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Study Finds that a Majority of ‘Locked In Syndrome’ Paralysis Patients Are Happy

People with locked in syndrome paralysis are mentally aware but unable to move anything in their bodies, with the exception of their eyes. Although it’s difficult to imagine living a satisfying life under such difficult conditions, a new study shows that an overwhelming number of patients with the disorder say they’re happy. People who have had the condition for a longer period of time were more likely to report happiness, which raises points for discussion in any debate about the validity of euthanasia.

Researchers at The University Hospital of Liege in Belgium conducted interviews with 65 members of the French Locked In Syndrome Association to learn more about what it’s like to live with near total paralysis.

Surprisingly, happiness is what they found amongst the 65 paralyzed men and women surveyed – with 47 of these reporting happiness and only a few of the members reporting having suicidal thoughts.

Surveys were conducted by caregivers, with patients responding to yes or no questions by blinking.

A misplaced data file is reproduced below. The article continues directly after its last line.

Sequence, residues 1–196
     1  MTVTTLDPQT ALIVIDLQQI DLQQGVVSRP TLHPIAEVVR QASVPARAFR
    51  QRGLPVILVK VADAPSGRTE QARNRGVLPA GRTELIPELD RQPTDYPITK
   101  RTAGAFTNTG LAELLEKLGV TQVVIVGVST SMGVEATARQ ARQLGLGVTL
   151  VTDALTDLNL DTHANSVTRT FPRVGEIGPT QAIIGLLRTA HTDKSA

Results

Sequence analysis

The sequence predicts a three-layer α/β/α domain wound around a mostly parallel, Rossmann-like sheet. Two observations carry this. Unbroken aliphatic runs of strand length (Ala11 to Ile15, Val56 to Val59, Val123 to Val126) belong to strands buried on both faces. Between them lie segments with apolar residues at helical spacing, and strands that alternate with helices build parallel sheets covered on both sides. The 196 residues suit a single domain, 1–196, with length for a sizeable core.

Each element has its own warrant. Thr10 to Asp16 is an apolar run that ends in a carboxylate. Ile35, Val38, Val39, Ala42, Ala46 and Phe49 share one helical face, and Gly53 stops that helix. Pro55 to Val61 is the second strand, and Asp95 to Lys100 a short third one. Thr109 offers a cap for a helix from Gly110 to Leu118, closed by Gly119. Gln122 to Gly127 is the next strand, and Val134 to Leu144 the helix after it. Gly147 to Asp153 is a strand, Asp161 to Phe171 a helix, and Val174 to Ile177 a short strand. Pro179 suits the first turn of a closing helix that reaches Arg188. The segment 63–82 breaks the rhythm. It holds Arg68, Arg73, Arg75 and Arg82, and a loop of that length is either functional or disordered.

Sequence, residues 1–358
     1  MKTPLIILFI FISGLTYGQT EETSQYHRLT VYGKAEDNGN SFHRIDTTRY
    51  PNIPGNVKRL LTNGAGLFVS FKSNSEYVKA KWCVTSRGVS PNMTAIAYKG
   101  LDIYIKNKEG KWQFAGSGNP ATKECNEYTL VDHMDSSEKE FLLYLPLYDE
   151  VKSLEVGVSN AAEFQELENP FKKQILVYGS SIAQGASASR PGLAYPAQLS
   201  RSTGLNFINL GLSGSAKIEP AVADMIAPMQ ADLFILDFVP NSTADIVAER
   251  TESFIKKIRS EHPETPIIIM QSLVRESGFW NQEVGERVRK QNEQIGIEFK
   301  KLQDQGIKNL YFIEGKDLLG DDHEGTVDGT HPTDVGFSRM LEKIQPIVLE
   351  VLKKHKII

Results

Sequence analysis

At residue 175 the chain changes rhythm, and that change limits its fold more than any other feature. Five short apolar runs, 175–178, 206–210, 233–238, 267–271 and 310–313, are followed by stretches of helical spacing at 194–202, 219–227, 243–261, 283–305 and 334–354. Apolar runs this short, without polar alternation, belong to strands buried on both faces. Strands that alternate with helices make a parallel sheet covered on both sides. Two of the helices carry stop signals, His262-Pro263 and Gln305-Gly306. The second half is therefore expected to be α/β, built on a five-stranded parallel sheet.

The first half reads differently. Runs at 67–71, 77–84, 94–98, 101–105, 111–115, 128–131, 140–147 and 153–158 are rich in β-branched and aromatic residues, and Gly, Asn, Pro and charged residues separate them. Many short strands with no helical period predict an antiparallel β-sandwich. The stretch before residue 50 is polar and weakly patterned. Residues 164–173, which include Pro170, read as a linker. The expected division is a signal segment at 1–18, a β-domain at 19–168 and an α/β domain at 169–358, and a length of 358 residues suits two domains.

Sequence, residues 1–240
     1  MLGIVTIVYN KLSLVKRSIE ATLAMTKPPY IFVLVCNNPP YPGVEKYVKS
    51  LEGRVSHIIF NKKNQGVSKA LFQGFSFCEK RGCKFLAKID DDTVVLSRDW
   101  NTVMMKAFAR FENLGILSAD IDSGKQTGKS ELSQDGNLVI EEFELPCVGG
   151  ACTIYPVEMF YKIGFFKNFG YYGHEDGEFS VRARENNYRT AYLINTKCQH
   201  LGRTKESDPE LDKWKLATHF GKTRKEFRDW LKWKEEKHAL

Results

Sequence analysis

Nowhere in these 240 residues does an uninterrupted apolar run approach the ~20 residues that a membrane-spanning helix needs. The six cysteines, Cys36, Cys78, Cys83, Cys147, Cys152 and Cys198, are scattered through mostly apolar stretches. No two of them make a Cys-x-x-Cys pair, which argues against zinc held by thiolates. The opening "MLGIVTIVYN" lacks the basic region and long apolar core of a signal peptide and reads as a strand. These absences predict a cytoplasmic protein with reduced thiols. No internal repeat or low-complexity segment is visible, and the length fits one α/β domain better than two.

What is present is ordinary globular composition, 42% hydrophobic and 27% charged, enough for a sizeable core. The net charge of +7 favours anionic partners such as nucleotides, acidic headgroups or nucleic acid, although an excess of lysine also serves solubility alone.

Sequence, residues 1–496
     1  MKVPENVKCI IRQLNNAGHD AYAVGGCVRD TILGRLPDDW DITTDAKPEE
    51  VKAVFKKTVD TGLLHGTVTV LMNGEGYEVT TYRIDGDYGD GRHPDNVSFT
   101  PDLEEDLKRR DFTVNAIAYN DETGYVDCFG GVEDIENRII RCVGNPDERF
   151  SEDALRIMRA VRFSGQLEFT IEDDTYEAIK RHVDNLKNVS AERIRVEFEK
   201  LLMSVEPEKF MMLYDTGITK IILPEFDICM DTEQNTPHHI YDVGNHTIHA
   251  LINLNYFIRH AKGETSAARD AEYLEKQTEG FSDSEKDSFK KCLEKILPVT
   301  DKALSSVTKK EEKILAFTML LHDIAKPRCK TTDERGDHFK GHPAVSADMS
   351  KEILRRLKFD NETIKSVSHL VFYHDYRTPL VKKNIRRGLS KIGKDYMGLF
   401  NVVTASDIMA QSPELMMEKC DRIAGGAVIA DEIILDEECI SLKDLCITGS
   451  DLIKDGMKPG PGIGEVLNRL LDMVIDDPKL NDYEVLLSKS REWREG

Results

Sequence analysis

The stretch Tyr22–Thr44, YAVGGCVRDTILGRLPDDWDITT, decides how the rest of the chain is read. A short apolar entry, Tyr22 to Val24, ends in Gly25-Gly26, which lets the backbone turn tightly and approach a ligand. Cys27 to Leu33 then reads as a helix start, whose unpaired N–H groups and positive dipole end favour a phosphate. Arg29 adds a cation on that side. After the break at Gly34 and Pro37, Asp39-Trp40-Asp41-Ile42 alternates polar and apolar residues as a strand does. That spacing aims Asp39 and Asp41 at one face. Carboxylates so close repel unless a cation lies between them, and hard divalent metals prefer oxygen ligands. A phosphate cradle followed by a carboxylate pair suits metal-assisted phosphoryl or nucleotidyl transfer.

Coma expert and lead researcher Dr. Steven Laureys commented on the findings, saying, "That some locked-in syndrome patients self-report happiness may suggest they have succeeded in adapting to their condition of extreme disability.” He notes that people who had been paralyzed for longer periods of time were more likely to report happiness than newer victims of paralysis (most cases of locked in syndrome are caused by traumatic brain injury) and that because of this, newly locked-in paralyzed patients should be required to spend a significant period of time living with their condition before doctors would consider granting requests for euthanasia.

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